I don’t have tomorrow’s comic done yet. This is the first time I haven’t had a comic done at least a week in advance. Which means I’ve used up my backlog. This is where it gets interesting, dawgs. This is apparently also where I start referring to people as “dawgs.” Like I said, interesting.
You see, it may not be immediately apparent, but these things are time-consuming. The most recent strip was the fastest to complete, and that took 5+ hours. Because of some kind of misplaced sense of authenticity, I create each panel individually (i.e. there are three little fabric Marjories in the last strip, not one Marjorie that is moved around and photographed in different positions.) In my mind, each Stricken Pot Pie installment is a two-part work: the digital image that gets released on the Internet, and the final physical comic strip that (for now) sits filed in a box in my apartment. I don’t reuse elements from panel to panel or from strip to strip, no matter how much time and effort that would obviously save. In fact, the characters are designed to be impossible to reuse- Marjorie’s legs and Emory’s claws are stitches that anchor them to the background muslin.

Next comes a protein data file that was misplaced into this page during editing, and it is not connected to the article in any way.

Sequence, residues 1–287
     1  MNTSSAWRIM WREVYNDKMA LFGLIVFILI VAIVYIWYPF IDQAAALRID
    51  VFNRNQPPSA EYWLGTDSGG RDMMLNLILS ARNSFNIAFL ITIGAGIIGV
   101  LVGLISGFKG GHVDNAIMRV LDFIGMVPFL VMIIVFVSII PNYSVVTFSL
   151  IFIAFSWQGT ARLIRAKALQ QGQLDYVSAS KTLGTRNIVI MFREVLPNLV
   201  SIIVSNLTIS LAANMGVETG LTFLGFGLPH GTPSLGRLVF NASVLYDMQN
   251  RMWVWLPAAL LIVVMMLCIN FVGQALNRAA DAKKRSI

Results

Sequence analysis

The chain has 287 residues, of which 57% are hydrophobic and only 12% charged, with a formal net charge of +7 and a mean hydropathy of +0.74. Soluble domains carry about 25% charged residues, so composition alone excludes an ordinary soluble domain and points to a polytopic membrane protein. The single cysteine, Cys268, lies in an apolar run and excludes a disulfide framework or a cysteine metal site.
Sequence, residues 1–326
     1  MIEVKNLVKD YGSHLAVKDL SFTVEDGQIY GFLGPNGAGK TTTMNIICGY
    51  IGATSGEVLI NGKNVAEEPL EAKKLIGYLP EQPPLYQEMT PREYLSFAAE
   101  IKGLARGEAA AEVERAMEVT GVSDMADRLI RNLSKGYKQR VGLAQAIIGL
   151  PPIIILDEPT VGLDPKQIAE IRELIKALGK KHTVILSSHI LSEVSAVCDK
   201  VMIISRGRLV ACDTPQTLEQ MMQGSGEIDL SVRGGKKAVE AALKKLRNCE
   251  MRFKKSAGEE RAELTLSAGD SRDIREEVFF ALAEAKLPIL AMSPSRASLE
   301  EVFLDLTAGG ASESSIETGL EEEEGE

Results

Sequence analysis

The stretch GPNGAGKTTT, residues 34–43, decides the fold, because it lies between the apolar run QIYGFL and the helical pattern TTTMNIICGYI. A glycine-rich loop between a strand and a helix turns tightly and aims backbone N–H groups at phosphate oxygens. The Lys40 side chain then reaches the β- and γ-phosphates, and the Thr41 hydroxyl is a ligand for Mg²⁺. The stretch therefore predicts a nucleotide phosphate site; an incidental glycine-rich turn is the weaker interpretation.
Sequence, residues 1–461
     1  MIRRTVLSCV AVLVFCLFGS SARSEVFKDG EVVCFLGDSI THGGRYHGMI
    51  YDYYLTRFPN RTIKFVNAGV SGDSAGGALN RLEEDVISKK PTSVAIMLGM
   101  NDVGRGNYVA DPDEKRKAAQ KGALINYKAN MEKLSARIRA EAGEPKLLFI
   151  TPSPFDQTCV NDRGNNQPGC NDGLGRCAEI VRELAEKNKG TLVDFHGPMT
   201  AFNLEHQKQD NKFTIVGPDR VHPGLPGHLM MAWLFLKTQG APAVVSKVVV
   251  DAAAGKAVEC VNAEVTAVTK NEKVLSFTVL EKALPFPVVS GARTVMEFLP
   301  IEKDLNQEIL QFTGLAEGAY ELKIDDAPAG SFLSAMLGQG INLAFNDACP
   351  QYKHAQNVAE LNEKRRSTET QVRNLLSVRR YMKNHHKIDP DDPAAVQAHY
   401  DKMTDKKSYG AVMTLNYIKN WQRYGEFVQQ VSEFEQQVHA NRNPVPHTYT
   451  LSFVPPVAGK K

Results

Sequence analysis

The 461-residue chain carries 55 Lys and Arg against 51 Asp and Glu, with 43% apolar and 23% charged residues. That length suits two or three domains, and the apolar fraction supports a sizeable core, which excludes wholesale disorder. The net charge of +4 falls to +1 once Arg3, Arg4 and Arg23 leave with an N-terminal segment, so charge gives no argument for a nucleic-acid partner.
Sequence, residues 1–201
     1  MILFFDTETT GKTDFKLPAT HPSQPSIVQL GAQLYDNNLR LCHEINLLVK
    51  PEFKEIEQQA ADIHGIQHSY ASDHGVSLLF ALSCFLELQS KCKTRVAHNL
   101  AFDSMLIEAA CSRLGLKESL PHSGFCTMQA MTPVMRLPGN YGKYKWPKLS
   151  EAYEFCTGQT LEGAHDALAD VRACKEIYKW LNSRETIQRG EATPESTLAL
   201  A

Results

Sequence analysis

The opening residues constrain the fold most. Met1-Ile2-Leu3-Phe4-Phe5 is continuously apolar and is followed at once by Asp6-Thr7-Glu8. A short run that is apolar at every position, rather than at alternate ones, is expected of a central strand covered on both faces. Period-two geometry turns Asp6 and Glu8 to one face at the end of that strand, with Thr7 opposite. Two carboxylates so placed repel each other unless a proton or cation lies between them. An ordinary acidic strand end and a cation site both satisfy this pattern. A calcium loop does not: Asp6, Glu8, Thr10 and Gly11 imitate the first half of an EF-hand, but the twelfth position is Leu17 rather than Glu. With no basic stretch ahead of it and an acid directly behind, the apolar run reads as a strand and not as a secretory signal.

I tell you this because my mom was asking about it, and I figure, if Mom wants to know maybe others are curious too. Although Mom is also curious about the details of my morning commute, and I doubt that’s quite as riveting to you. I’ll probably be writing a little more in the weeks to come about my process and why I’m doing this, so if you have any questions about how this sausage is made, please leave a comment or write to firstname.lastname@example.org. I’d like to put together a FAQ, or at least a QABAST (Questions Asked But A Single Time), but I’d rather not make up all the questions myself. That’s cheating, dawgs.